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Re: Swimmin' dinos, fish milk, avian polyphyly (was RE: Sheesh)
Tom Holtz wrote:
2) Mechanical constraints. [snip] --In this case, the reason that advanced
birds might have been able to colonize the seas is that they were able to
exapt their already-transformed fore- and hindlimb orientations, bypassing
as it were the phases that a stegosaur or compsognathid would have to go
This is my favorite, and it was examined both quantitatively and
qualitatively by Gatesy and Middleton (1997). Here's an excerpt...
"Basal theropods, which were terrestrial bipeds, had a single locomotor
module composed of the hind limb and tail. In birds, aerial locomotion was
acquired with the origination of the wing module and a decoupling of the
hind limb and tail into separate pelvic and caudal modules. This increase in
modularity is thought to have granted birds more locomotor "options" than
non-avian theropods. More specifically, an aerial locomotor system could
have eased constraints on the hind limb and allowed specialization for
habitats and lifestyles unavailable to non-birds."
Although the study was criticized on statistical grounds (Carrano and Sidor,
1999), it still carries a lot of weight.
Gatesy S. M., K. M. Middleton. (1997). Bipedalism, flight, and the evolution
of theropod locomotor diversity. J. Vert. Paleontol. 17: 308?329.
Carrano M. T., C. A. Sidor. (1999). Theropod hind limb disparity revisited:
Comments on Gatesy and Middleton (1997). J. Vert. Paleontol. 19: 602?605.
4) Ecological constraings. Not particularly happy with this one, [snip]
Again, the reason that derived birds might have made it as sea dinos is
that they were able to bypass the near-shore life habit stage by having a
novel method (i.e., diving from above) to make it as pelagic creatures. We
already know of other Cretaceous derived avialians (such as _Ichthyornis_)
who may have been pelagic feeders.
I'm quite happy with this hypothesis, for certain 'swimming dinosaurs' (but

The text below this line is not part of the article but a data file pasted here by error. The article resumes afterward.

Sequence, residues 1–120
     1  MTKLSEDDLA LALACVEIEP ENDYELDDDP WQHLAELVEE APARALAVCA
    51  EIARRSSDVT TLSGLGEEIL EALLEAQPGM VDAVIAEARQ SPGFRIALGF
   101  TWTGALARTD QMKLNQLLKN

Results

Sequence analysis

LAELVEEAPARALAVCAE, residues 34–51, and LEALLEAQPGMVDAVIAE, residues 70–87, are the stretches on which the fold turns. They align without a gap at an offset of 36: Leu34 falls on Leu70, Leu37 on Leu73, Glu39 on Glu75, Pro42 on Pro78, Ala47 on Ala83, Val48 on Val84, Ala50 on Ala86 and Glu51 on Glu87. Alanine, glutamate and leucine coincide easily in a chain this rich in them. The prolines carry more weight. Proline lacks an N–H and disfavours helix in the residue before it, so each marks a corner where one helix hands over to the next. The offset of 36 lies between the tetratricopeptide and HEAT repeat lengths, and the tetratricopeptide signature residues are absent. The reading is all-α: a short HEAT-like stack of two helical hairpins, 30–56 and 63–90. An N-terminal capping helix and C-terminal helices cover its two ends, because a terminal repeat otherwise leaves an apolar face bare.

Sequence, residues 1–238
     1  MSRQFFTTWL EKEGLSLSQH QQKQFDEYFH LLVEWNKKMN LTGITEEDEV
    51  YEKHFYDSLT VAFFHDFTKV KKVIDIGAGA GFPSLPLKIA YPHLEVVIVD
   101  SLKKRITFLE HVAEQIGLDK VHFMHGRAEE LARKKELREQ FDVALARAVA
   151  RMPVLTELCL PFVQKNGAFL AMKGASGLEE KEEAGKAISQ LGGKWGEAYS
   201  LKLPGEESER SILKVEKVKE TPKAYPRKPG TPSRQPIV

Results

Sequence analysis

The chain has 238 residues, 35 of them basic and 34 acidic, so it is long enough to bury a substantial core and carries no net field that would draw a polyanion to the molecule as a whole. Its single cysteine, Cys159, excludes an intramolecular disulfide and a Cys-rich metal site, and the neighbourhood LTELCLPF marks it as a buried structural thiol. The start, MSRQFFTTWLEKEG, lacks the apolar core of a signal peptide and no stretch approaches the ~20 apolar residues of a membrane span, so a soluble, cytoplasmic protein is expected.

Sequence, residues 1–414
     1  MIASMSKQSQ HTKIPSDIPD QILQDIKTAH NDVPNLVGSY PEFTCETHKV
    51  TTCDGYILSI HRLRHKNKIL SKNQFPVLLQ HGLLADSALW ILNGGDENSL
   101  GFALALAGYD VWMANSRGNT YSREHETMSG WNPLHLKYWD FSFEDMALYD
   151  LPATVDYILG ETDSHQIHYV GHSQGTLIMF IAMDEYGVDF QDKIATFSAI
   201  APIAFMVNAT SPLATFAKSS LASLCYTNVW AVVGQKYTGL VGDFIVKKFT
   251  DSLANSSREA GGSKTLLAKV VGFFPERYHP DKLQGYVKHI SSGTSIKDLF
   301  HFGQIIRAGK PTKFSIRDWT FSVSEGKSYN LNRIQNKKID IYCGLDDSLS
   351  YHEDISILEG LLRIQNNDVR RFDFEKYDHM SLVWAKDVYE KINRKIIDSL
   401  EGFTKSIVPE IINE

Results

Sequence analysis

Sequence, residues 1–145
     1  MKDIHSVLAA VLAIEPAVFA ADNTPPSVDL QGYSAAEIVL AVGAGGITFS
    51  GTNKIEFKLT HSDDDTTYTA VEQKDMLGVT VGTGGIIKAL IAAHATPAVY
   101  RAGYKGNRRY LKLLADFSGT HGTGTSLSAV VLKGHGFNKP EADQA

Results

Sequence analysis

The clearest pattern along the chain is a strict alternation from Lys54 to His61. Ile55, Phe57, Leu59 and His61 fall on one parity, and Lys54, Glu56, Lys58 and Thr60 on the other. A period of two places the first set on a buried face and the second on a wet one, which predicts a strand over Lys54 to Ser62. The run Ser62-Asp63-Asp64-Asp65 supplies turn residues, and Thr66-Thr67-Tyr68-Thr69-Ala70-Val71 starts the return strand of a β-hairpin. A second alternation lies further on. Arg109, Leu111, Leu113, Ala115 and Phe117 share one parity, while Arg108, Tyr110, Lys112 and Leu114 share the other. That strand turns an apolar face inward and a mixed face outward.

not all). This is just the route by which penguins are thought to have
evolved - from pelagic divers very similar to auks. I suspect the same is
true for plotopterids.
However, this scenario doesn't explain the origin of hesperornithiforms,
which are foot-propelled divers and so more like loons than penguins.
Penguins, auks and diving petrels use their wings to propel themselves
underwater. Hesperornithiforms lost their wings, which suggests that they
did not evolve from pelagic divers. Hesperornithiforms probably evolved in
a near-shore environment, like loons. Or, given their association with
epicontinental seaways, this near-shore ecology could be secondary, and
hesperornithiforms evolved from pelagic divers after all. But this sounds
highly non-parsimonious to me, so it's safe to assume that
hesperornithiforms began as near-shore foot-propelled divers rather than
pelagic wing-propelled divers.
Jeff Hecht wrote:
Basal crocodiliformes were quite similar to basal archosaurs, and some
crocs did evolve to live in marine environments, so looking at what
happened during their divergence might give some clues.
This is an excellent point, especially considering that basal
crocodylomorphs ('sphenosuchians') included erect-limbed, cursorial and
perhaps facultatively bipedal forms. Aquatic and marine forms did arise
from this stock, which required a reversal of many basal crocodylomorph
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